Remember the Republican presidential primaries? Remember the candidates espousing differing variations on Reagan worship, defining him as the be-all-and-end-all of Republican politicians? the same thing happened at a recent debate between candidates for the RNC leadership. Alex Massie has some advice for those who wish to recapture GOP glory: knock it off. Too many people are wistful for an imaginary Ronald Reagan and not the real President Reagan, a man who recognized the nation’s diversity in thought and population, who understood that the GOP needed to have a “wide tent” in order to maintain appeal, and who “was a vastly more adaptable President than current conservative folklore might have you believe.” (Massie). Folks have forgotten this Reagan, and, as Massie writes,
the Idea of Reagan has overtaken the Reaganite reality. Consequently Republicans seem to have misconstrued the premises upon which they based their decision to sanctify Reagan in the first-place. The god they worship is not the god who actually existed. The apparent simplicity of the GOP mantra - strong national defence, tax cuts and, er, that's it - becomes a liability when the party faces an intelligent, charismatic, adaptable opponent who seems better prepared to meet the complex challenges of a complex world right now, not the challenges that faced the United States nearly 30 years ago.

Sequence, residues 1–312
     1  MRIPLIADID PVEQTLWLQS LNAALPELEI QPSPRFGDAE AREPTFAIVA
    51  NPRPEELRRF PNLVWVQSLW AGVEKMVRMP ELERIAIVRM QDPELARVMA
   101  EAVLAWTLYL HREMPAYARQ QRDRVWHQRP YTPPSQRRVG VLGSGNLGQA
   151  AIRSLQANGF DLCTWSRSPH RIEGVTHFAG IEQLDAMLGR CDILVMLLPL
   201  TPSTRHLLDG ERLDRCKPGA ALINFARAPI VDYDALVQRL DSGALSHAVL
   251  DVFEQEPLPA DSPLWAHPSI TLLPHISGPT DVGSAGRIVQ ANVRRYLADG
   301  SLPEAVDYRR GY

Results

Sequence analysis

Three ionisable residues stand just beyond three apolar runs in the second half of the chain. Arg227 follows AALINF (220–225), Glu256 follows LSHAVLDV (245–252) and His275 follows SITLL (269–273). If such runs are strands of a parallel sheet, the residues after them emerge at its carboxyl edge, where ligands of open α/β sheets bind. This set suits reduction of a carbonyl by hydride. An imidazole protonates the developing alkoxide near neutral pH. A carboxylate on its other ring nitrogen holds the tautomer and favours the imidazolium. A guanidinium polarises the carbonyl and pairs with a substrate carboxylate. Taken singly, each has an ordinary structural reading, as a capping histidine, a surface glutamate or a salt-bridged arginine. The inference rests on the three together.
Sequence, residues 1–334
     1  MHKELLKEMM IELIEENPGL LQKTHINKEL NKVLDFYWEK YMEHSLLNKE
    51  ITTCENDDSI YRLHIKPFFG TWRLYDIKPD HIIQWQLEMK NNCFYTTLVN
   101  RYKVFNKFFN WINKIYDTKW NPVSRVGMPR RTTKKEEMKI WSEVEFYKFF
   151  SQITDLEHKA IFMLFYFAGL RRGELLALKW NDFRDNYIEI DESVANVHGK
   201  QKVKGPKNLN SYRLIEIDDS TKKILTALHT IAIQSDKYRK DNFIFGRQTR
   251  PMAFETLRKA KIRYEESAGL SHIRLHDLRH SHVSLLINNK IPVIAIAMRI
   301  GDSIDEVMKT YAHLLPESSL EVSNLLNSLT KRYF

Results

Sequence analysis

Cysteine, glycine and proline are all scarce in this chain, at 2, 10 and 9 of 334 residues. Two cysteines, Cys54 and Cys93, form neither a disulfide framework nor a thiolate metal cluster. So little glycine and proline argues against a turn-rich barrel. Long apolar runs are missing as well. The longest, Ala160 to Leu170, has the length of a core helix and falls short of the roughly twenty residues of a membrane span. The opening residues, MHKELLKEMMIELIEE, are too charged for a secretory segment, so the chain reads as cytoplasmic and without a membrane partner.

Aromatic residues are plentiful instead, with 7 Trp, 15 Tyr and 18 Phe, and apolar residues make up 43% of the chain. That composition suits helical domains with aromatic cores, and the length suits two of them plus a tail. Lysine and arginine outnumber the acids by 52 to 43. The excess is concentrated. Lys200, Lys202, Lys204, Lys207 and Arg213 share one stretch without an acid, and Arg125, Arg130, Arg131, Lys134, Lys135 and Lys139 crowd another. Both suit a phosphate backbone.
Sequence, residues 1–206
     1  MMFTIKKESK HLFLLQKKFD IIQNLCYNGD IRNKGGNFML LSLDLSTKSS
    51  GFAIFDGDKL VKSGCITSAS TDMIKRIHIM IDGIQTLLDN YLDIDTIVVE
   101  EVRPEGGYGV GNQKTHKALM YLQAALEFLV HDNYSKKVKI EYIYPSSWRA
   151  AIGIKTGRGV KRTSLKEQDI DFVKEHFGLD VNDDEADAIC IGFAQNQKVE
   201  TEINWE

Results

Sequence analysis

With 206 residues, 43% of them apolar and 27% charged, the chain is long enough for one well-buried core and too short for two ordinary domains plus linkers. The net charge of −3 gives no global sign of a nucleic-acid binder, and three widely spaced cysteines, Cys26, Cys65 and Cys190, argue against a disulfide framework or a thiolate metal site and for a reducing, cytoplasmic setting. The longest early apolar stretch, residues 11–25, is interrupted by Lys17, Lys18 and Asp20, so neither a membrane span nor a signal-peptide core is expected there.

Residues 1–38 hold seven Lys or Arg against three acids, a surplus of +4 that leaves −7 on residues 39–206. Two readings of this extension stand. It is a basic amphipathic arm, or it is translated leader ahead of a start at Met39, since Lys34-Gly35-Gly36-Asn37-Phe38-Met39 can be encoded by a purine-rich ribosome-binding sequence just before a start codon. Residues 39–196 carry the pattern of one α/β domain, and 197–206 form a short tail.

Unlike Reagan himself, too many in the GOP see no reason to adapt to the times. Too many cling to the imaginary Reagan and brook little, or no, dissent. They disdain “widening the tent” and commit themselves to the tenets of the now-defunct “Reagan Revolution.” They condemn moderate Republicans as the reason for their losses in Congress.
If it continues thus, they’ll have a longer time in the wilderness than they hope.